News of Bill Clinton's lucrative book deal has created quite a buzz. There's no telling how the former president's memoirs will turn out. But before revisions delete any excess candor, the first draft of a chapter about media coverage of his presidency might include a passage like this:
" My subsequent use of missiles -- whether against Sudan, Afghanistan, Yugoslavia, or Iraq again -- won me floods of media praise."
From the outset, I wanted to prove that I was a genuine New Democrat. Fortunately, I had the personality and the connections to pull it off. Bubba on Wall Street. Cracker with Chablis. A modern Huey Long, but well tailored and tamped down.
To be taken seriously by the Washington press corps, a presidential hopeful needs influential backers with access to millions. At the start of the 1990s, I gained momentum by excelling at events like the cozy bull sessions on Pamela Harriman's estate in Virginia fox country. I talked up a "third way" -- not liberal, not conservative. I was something else!
I conveyed to a lot of journalists that I trusted their political sensibilities, revered their symbols, talked their language. I pursued a strategy to acquire a coveted media label -- "moderate" -- the favorable tag for a politician who supports abortion rights and won't rock the big corporate boats.
There was that unpleasantness about Gennifer Flowers, but it didn't do much damage after Hillary and I talked our way past it on "60 Minutes." I had the political two-step down cold -- talk like a mature populist and swing with the money boys. The media pros were often warm; those who didn't hate me were inclined to swoon.
At the '92 convention, the bio flick was pure media gold -- especially because of the Rose Garden scene with me and President Kennedy shaking hands. At year's end, Time magazine couldn't stop gushing about that footage: "Now the torch is being passed to the generation that was touched and inspired by Kennedy. Indeed, the most memorable moment in the convention video about the man from Hope was the scene of the eager student being inspired by Kennedy's anointing touch."
While I made a lot of media hay about my Cabinet "looking like America," few journalists focused on the blue-blood orientation. I sealed the deal by installing Wall Street bootlicker Lloyd Bentsen (D-Texas) as treasury secretary and Bob Rubin (D-Goldman Sachs) as economic policy czar. Both were fervently appreciated in the upper reaches of American journalism.
When I took early flak about gay rights in the military, I caved. But I knew what to fight for.
I went to the mat for NAFTA, and then for the GATT treaty forming the World Trade Organization. That boosted my stock among media elites. Even pundits who despised me, like Wall Street Journal editorial writers, had to give me grudging credit. Of course, with the hostility from media owners like Rev. Sun Myung Moon and Rupert Murdoch, I could never please the rabid right at outlets like the Washington Times and Fox News.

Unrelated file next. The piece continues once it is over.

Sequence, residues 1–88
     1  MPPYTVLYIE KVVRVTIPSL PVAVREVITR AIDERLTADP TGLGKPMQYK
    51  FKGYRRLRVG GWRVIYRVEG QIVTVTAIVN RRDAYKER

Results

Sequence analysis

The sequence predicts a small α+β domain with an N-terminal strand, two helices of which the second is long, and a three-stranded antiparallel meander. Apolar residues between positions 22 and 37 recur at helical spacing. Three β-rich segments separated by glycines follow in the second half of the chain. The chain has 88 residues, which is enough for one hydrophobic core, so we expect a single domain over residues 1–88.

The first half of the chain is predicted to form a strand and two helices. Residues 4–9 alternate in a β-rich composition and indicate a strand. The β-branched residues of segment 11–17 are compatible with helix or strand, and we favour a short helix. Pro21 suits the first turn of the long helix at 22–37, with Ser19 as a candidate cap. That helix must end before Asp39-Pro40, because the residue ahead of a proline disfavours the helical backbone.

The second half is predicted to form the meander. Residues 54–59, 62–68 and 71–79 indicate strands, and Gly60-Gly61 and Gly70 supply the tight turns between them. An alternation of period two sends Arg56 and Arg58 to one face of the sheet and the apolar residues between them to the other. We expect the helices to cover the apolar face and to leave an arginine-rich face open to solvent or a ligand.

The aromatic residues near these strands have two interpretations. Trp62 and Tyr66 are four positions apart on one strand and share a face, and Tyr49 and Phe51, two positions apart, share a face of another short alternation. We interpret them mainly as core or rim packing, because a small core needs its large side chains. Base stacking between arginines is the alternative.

Overall, the big media wheels kept spinning in praise of my aversion to "big government" (the Pentagon excluded, naturally). When I showed myself eager to slash the social safety net, they knew I meant business.
There was a bit of grousing when I signed the welfare reform bill. If a Republican had done it, some media liberals might have gone nuts -- but they were content to give me, at most, the press equivalent of a slap on the wrist.
It sure didn't hurt that I pulled off the bipartisan Telecommunications Act of 1996. This multibillion-dollar gift to broadcasting's powers-that-be really helped to further ingratiate me with media moguls. They were thrilled to proceed with merger mania and ratchet up already-humongous profits.
To be frank, bombing also came in very handy. I don't want to hear about "Wag the Dog." No president needs a Hollywood movie to understand that when the commander-in-chief kills some foreigners, all kinds of media goodies follow.
I was five months into my presidency when I gave the order to launch two-dozen missiles at an Iraqi office complex. (If it bothered any important American journalists that a number of nearby civilians died in a residential Baghdad neighborhood, they never let on.) I loved Time's coverage of my televised Oval Office announcement: "one of his finest moments; he struck the right tone, reasoned but forceful." My subsequent use of missiles -- whether against Sudan, Afghanistan, Yugoslavia, or Iraq again -- won me floods of media praise.
Even in the depths of the Monica mess, there was appreciable media allegiance to me, perhaps in gratitude for the political agenda that I championed so well as president. Many a journalistic lap dog couldn't stop drooling.
Sure, again and again, I betrayed my own high-sounding calls for social justice and economic fairness. But I learned early on that when such betrayals occur, forgiveness tends to rise with income bracket. And when was the last time a poor person owned a TV network?
Norman Solomon is a syndicated columnist on media and politics. His books include "False Hope: The Politics of Illusion in the Clinton Era," published in 1994.
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